The late great Toni Morrison famously said, “If there’s a book that you want to read, but it hasn’t been written yet, then you must write it.”
I like this advice on many levels, but mainly because it deals with the idea that when we are writing, we are also listening to ourselves. Perhaps one of the best things we can ask ourselves before we start writing is:
What is it that hasn’t been said yet, but should be said?
Of course, last week’s prompt was about listening too, but this week we are being more prescriptive. We are going to instruct ourselves!
The idea for this exercise came from a short poem by Ada Limon, Instructions on Not Giving Up. You can read it here and it follows a theme of ‘Instructions’ or ‘How To’ poems. You can read one by the lovely Neil Gaiman here… and another by Ted Genoways here..
In her poem, Ada Limon writes:
More than the fuchsia funnels breaking out
of the crabapple tree, more than the neighbor’s
almost obscene display of cherry limbs….
For me, it’s this mixture of close present observation with future hopes (the ‘something miraculous’) that make this poem work so well for me. And the surprise of that ‘obscene’ when put against cherry trees. What do you think?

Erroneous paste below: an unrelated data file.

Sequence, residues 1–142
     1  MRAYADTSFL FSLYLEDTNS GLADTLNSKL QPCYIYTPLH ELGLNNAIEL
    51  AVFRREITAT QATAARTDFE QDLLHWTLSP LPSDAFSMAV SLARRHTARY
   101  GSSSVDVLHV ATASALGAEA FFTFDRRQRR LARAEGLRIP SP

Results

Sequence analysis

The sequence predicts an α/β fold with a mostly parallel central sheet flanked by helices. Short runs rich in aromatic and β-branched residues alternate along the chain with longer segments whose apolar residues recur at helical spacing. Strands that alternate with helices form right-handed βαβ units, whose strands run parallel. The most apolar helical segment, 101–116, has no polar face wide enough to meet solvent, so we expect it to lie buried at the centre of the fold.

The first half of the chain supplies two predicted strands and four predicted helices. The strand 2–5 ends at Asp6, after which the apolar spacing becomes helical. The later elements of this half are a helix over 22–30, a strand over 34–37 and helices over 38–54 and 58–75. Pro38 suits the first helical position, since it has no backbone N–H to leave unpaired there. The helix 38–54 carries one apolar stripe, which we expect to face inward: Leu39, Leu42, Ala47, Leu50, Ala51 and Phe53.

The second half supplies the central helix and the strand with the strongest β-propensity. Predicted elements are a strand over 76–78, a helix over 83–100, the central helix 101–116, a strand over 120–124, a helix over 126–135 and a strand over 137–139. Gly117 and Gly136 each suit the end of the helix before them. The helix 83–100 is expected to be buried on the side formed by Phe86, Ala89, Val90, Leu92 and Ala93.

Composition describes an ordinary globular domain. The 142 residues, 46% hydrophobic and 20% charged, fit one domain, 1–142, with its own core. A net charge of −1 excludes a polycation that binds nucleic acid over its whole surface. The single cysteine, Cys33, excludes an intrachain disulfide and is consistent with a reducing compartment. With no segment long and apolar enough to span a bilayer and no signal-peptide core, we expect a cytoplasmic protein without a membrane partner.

So for your writing exercise this week, I invite you to write yourself a list of instructions.
They may be for coping once the summer days, and indeed autumn, have left us and we are in the middle of winter.
What might be your ‘Instructions on Not Giving Up’?
Remember they should be personal, they may be surprising but they will be the instructions you want to read yourself!
Make a place to sit down.
Sit down. Be quiet.
Or do you long for winter and cold frosty days and hate this heat? In which case, your invitation is to write ‘Instructions for getting through summer’!!!
But as always, enjoy. These might be the only instructions you actually want to follow – note the (to remind myself) on Wendell Berry’s poem!
You can share your work in the comments section, or email them to me (I’ve been enjoying these so much, thank you!) or on social media using the hashtags, #writinginthegarden or #WITG, or even #sarahsalway. I look forward to reading your instructions.